Monthly Archives: February 2013
First Day at a New Job – Dos and Don’ts
You have thoroughly investigated what the company does, you have prepared yourself, passed all the selections and – here you are, at your new job. First day of work is a unique opportunity to make a great first impression. All the same, regardless of whether this is your dream job or you’re here just to earn the money you need, adjusting to the work environment has its challenges for which you should be ready.
One of the most important things is – be punctual, maybe even a little early. Plan the alternative routes to work in case of traffic jam, so that you could get there on time. Ask around what your first day will look like, whether you’re supposed to report to someone, etc. Read all the documents they give you – instructions, the code of conduct, dress code, statute, a guide through the organizational structure, in a word – everything.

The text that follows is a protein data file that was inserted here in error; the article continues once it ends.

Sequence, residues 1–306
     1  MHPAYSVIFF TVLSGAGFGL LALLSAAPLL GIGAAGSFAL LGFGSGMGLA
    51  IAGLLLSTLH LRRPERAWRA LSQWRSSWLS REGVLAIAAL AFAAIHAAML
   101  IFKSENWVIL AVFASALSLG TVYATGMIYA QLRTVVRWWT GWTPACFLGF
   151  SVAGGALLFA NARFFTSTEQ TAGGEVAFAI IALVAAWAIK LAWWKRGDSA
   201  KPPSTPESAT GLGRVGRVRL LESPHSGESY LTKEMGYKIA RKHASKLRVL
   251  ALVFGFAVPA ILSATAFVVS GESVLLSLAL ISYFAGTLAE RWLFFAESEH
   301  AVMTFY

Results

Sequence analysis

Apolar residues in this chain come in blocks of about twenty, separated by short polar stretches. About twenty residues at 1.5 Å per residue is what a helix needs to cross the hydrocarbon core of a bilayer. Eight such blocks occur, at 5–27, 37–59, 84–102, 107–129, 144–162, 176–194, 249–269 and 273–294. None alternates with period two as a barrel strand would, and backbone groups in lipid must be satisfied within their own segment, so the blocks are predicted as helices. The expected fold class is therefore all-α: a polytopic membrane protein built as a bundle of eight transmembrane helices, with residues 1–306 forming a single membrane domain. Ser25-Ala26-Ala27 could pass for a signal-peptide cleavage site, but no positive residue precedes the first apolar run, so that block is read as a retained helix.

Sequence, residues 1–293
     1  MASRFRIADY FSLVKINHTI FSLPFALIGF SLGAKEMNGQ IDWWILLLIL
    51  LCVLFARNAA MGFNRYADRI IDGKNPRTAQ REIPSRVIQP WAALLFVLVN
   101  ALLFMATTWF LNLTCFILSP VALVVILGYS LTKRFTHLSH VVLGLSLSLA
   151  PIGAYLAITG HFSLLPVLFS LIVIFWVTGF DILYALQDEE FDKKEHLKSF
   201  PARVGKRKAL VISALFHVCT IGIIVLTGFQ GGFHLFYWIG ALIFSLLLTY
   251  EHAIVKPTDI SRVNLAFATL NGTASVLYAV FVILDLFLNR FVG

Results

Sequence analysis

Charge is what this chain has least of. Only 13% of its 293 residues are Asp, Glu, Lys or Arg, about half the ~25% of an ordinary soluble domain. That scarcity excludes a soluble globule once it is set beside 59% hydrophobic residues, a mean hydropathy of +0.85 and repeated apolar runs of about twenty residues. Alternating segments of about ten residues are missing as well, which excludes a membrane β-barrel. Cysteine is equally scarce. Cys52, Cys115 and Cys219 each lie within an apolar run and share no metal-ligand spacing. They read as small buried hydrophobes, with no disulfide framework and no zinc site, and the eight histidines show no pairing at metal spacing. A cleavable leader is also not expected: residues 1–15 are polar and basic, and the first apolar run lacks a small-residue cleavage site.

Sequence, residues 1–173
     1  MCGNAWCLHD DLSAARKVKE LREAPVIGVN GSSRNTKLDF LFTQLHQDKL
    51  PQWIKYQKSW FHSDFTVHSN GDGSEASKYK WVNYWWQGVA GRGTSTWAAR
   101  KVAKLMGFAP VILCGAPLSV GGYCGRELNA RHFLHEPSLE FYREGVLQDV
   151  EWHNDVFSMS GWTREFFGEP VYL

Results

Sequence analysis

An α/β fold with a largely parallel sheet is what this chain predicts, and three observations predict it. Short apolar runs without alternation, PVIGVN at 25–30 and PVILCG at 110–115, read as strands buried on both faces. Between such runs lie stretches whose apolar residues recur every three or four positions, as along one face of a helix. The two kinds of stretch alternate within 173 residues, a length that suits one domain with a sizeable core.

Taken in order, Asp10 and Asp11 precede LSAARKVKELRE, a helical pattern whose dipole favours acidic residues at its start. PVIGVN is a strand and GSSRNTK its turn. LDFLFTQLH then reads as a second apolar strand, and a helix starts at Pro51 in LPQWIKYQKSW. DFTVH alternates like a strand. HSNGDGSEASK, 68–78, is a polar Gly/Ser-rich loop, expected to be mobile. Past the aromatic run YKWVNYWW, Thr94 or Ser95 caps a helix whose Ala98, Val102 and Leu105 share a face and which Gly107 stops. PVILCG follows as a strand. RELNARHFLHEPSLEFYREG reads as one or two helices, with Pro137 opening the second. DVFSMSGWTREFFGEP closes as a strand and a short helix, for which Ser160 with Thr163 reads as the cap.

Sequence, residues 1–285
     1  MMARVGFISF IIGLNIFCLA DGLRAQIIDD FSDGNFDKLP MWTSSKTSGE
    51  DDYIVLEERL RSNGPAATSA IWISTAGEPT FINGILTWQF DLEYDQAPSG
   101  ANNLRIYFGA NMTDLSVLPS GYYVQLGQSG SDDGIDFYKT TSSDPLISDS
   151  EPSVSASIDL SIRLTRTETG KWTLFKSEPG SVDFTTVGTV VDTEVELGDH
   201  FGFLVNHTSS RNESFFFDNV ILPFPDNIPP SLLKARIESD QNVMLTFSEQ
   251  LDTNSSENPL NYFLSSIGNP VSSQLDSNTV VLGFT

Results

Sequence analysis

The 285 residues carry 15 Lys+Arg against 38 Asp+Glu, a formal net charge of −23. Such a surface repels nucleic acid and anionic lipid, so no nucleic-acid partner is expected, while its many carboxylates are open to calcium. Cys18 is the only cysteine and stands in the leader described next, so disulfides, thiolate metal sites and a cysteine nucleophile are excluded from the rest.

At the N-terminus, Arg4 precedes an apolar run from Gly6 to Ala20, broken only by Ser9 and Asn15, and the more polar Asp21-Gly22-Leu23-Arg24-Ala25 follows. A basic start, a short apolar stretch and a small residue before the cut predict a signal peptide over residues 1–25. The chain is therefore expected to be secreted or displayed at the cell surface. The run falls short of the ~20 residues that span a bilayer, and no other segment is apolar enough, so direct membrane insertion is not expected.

Relationship with colleagues
Introduce yourself to colleagues and try to remember their names. Repeat each name aloud, in order to engrave it into your memory, and be polite. A bad first impression can’t be fixed easily. Feel free to ask questions – everybody likes to be of assistance as it makes them feel better, so there is no need to “manage” on your own. On the contrary, if you refuse the help you might offend the person who offered it, or just make them feel uncomfortable, and it is highly unlikely they’ll be willing to help you once you really need it. Find some common topics and don’t try not to make them work related. Music, books, sports are all good but, at first, avoid more intimate subjects such as divorce, death, marriage, religion, politics, sex and philosophy. Just keep it simple and be natural.
Do your best, but don’t overdo it.